(Emphasis added by EuroTech)

Apple seems to take the route that most large US corporations took before in Europe. Running ahead until someone tries to stop them. Even if this might work in the US, where large corporations have quite a bit of leeway, the European Union has already shown that it is not intimidated by the size of a company.

The European Union demonstrated its determination when it threatened to stop Microsoft from selling Windows within the EU unless it gave users a choice of browsers. Even though many saw this as something which was just an effort to make a point at the time, nowadays we all benefit from the much better browser selection thanks to this decision. In 2008 the EU made Microsoft pay a hefty fine of 900 million Euro for disrupting the market by withholding technical information.

Do you think that European politicians are right to intervene to protect customers or should the market regulate itself?

Author: +Richard Muscat Azzopardi

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_Photo from Flickr :
Daniele Mazzini's profile photoTyler Smith's profile photoMax Huijgen's profile photoFranc Schiphorst's profile photo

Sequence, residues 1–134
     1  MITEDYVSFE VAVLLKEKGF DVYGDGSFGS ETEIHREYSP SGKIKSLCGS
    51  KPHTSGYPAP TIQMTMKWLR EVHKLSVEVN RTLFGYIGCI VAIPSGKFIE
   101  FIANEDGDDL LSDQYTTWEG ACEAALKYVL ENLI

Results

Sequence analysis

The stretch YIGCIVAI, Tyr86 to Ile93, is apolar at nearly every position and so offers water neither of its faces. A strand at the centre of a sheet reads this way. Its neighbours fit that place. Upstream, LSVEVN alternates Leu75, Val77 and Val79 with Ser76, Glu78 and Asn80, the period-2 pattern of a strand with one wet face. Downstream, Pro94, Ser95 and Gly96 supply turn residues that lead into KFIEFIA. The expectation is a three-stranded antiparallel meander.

It should be noted that on some products like the iPhone and the iPad the additional AppleCare plan is just two years so identical in length to the European warranty which comes free. AppleCare costs 69/79 Euro for these products.
The EU is absolutely in the right to take Apple to task. The alternative would be a race to the bottom and a lack of clarity regarding pricing structures.
+Joachim Larsen It´s actually unfortunate that so far the European warranty guideline is not identical to a European warranty. From the article "every country has a slightly different implementation of the European warranty guideline" If this was not the case but it would be an European law the consumer organizations wouldn´t have to go court in every country, but could file one case.
Historically the EU has shown to have a bit more bite than the individual nations.
Thanks for the link +Franc Schiphorst Some of the complaints there are interesting. The battery issue, which is often automatically assumed to be no part of the warranty, is key here. I don´t agree with the manufacturers who just state you have a limited warranty on them.